OTP22: Are The Dead Drops Outside the U.S. Real?

March 14th, 2013

I read the recent IRC transcript of the user with alleged ties to GCHQ and thought that, while entertaining, it was the happiest bunch of horseshit I’ve come across in awhile.

And that’s when it hit me: OTP22 is probably not a government recruitment operation or social engineering experiment because the dead drops are all over the world; U.S., Thailand, Malaysia, Japan, Norway, Finland. If a government was behind this, it would amount to running espionage operations in multiple foreign countries. There is zero chance that such an imbroglio would feature a publicly accessible front end (the message desk) with a bunch of greasy nerds posting all of their antics on the Internet.

Unless… Those foreign dead drops aren’t real.

If the foreign dead drops are just being fabricated and posted by the controllers, OTP22 is probably something like this: U.S. Spies Want to Play Alternate-Reality Games:

Alternate-reality games are no longer just for geeks and corporations that want to sell you stuff. America’s intelligence agents now think these interactive games could make for a better way to study human psychology and social behavior.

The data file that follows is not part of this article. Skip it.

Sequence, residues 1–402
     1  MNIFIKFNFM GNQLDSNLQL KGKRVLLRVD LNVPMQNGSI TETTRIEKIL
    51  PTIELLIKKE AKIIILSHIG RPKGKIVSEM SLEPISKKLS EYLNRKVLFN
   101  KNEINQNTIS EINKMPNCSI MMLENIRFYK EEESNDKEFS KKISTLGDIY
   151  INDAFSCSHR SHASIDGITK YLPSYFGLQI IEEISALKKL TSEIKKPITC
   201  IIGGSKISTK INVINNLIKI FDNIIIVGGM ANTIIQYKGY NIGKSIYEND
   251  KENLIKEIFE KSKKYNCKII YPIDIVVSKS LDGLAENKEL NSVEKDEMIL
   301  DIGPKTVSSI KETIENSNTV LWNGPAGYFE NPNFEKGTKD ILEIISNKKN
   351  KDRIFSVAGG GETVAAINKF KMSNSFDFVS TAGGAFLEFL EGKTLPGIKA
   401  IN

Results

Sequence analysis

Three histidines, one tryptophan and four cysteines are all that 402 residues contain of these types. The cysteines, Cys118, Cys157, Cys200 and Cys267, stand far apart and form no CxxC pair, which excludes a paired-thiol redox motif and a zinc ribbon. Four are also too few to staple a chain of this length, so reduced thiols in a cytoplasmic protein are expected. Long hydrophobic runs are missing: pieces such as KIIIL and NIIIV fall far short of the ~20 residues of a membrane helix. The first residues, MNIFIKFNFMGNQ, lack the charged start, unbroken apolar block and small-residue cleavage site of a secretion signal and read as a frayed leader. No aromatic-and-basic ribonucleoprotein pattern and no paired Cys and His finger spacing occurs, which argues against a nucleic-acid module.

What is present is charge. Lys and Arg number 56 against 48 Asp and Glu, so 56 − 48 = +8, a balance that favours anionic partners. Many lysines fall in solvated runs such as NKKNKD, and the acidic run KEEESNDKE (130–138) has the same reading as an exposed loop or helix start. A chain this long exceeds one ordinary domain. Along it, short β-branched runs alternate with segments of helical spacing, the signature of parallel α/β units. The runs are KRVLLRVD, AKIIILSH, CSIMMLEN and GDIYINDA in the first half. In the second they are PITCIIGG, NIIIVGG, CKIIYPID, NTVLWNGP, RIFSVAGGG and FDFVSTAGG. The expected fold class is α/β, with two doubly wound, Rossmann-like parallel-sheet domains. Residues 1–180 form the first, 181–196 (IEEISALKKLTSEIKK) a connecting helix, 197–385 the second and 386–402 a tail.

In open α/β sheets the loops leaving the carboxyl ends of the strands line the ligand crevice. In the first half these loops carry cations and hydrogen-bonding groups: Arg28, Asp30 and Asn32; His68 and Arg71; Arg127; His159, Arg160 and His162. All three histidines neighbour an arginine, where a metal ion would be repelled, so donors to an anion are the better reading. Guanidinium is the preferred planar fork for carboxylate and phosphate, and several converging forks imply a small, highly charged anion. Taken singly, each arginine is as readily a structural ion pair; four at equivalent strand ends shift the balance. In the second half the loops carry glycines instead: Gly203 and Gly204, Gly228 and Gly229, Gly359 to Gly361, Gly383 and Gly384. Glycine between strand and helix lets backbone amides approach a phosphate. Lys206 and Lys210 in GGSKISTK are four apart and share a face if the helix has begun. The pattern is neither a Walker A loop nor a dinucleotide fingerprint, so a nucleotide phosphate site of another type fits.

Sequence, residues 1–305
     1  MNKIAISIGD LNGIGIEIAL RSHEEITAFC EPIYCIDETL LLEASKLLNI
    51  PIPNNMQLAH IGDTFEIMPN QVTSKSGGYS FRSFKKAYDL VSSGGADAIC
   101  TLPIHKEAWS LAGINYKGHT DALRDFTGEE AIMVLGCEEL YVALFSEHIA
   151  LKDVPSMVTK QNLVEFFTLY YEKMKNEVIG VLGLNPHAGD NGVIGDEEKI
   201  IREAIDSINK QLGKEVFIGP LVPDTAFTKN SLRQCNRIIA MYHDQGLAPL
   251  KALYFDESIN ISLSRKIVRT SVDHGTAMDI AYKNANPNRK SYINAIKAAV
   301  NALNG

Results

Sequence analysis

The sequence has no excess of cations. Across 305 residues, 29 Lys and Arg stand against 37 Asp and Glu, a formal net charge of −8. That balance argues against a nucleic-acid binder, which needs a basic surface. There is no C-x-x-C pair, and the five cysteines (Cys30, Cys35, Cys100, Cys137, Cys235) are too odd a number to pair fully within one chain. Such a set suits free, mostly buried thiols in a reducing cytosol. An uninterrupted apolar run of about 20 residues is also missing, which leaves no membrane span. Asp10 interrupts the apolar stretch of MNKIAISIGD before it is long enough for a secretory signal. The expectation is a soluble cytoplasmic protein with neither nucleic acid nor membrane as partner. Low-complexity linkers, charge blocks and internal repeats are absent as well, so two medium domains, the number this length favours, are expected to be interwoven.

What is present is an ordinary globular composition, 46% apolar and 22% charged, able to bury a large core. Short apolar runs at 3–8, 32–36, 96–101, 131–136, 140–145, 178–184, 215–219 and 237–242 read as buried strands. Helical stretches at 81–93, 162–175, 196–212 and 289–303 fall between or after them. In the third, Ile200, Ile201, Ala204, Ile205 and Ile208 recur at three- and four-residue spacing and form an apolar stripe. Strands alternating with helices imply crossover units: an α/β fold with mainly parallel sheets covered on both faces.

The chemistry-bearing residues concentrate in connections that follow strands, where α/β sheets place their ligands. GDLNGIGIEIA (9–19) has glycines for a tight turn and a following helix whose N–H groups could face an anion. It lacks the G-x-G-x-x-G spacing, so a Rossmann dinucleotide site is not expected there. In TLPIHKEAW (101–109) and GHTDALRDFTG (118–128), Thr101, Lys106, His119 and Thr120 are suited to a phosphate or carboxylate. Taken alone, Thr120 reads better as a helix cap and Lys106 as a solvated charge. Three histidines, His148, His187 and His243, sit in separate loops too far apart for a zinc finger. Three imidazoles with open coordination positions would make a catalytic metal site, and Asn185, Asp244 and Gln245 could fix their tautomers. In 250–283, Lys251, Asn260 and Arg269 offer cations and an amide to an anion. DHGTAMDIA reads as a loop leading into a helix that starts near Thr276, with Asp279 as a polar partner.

The intelligence community’s blue-sky researchers, the Intelligence Advanced Research Agency (IARPA), announced they’re seeking designers for alternate-reality games, or ARGs. It’s for work, they swear. The project, which goes by the name UAREHERE (as in “you are here”), “may provide capabilities that allow for high-quality, externally valid social, behavioral and psychological research in near-real world contexts,” according to a request for information released this week.

Alternate reality games emerged in the last decade as a form of transmedia storytelling, or the practice of using multiple forms of media — particularly the internet — to craft a narrative structure. The directors of an ARG typically start by developing a story, litter clues on the internet, and when the players solve them, the players are led to further clues or a staged event featuring live actors. Many ARGs require dozens or hundreds of people to play out, and the games are interactive: Players can shape the course of a story by their actions. It’s also become a means to market products, whether musicians teasing a new album, or a movie studio promoting a new film.

While the ostensible purpose of the game is to research human behavior, the specific intelligence function served here is a mystery. Nor does the agency specify who the players would be: The info request notes that recruiting and screening players will be a challenge. Another: determining whether an ARG would even work as a research tool, let alone how to design an ARG.

No big deal. U.S. spooks wasting borrowed Chinese money again. Move along, nothing to see here.

If, however, those foreign dead drops are real, this thing is very, very weird. I don’t know, man… Break out the Theremin weird.

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